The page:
One of the many perks of working in the wine business is the trade-only tastings. Recently, all us industry folk were at Acero in Maplewood, to visit with Empson Wine Importers who were in town showcasing their new vintage offerings of Brunello and Barolo from some of the top producers in their portfolio.
I'm sure at one time or another you've heard the mention of Brunello or Barolo. I imagine you may have been confused about what these words mean.
Many of the wines we're used to drinking—especially those that are made in California—are labeled by the dominant grape variety that's in the bottle. So we've come to expect to see the grape name on the bottle. But, once you get over to Italy, the labeling scheme doesn't play out the same way.
The Italians long-ago discovered that the place that the grapes are grown in dictates most loudly to the final quality and style of the wine. This sense of place is often referred to as terroir. Aside from the particular soil that the grapes are borne from, the historical wine making practices of that place and historical grape varieties used are also overwhelming constituents of the final wine.
So what do the words Brunello and Barolo refer to? Italian wine is named after the place that it comes from. Barolo is an area in the Piedmont–the northwest area at the top of the country. Brunello comes from the town of Montalcino, an area within Tuscany. Tuscany is about about two-fifths of the way south from the top of Italy. Barolo is made from the grape Nebbiolo. Brunello is made from the Sangiovese grape, the same that's used to make Chianti.
We have quite a few Barolos and Brunellos on the wine list here at Robust, and there are a few new ones that we're very excited about. A distributor who specializes in fine Italian wines recently had a firesale, and we're now offering a few Barolos at incredible discount.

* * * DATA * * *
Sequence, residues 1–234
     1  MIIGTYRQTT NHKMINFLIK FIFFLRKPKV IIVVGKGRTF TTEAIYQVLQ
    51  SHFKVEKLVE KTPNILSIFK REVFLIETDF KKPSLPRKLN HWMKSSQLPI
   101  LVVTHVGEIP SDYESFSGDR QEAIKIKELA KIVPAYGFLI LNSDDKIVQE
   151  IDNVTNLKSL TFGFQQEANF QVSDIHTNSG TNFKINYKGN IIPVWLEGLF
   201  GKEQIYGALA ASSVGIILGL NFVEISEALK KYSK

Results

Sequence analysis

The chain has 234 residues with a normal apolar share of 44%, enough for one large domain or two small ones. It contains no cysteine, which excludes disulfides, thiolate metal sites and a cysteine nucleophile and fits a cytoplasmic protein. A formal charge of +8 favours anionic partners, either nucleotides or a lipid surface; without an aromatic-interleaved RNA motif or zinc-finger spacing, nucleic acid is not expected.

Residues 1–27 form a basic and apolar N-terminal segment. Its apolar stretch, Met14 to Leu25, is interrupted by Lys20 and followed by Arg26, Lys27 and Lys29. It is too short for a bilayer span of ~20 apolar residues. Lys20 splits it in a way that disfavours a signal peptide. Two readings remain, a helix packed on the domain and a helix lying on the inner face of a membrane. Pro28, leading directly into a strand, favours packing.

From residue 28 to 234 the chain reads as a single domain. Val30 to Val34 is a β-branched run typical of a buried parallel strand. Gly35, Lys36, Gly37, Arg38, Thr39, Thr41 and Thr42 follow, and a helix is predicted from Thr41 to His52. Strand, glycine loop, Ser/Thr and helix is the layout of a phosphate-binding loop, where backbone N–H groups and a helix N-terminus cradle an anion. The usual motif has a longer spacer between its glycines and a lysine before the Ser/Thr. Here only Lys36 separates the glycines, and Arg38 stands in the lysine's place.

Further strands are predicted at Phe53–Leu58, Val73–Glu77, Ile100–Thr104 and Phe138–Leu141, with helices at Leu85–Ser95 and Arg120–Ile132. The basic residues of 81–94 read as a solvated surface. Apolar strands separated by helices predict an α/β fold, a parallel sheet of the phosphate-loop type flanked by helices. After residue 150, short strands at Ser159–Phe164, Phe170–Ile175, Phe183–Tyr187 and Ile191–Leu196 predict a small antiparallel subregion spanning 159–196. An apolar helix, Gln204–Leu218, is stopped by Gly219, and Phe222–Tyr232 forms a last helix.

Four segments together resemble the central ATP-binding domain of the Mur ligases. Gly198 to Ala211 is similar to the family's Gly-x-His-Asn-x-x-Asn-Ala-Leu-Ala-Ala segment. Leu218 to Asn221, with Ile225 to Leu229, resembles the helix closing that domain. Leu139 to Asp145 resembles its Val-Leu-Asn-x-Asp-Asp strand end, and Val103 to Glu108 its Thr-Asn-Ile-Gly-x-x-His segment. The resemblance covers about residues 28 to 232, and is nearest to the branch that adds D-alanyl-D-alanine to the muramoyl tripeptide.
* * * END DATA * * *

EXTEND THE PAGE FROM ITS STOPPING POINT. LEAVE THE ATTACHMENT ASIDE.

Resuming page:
The best Barolo offerings on our list are the 2003 Collina Serragrilli Barolo and the 2005 Paolo Scavino Barolo. The 2003 Collina is now showing beautifully because of the extra few years it has been aging in the bottle. The 2005 Paolo is still wound a little tight, but is presenting nicely after a bit of time in a decanter. They both show nice earthy tones and notes of herbs. The classic rich, sour cherry is ever-present, and they've got a lot of nuance.
In general, Barolos are big, tannic wines. They need time to age, and they need time in the glass to open up. If you love the flavor profile of Barolos but need something a little lighter, a Barbaresco is a great option for you. They come from the same highly acclaimed region in Piedmont, are made from the same grape, but spend less time in oak and are generally made to be able to drink earlier. The well-known adage goes something like: "The Italians drink their Barbarescos while they're waiting for their Barolos to come around."
My favorite Barbarescos on the list are the 2003 Collina Serragrilli Barbaresco and the 2005 Paitin Barbaresco. The Collina is at a price that's impossible to beat—$26 retail and $50—for wine of this quality and with this much age development.
So put down the Sauvignon Blanc—you know that you've already had your summer fill! Come in and try a bottle of Barolo or Barbaresco along with our Spring Rack of Lamb. And ask your server to decant the wine—it will give it the little bit of extra air that will make it shine.
My top four recommendations are:
2003 Collina Serragrilli Barbaresco - $26 retail / $50 list
2003 Collina Serragrilli Barolo – $34 retail / $68 list
2005 Paolo Scavino Barolo – $48 retail / $90 list
2005 Paitin Barbaresco – $49.5 retial / $95 list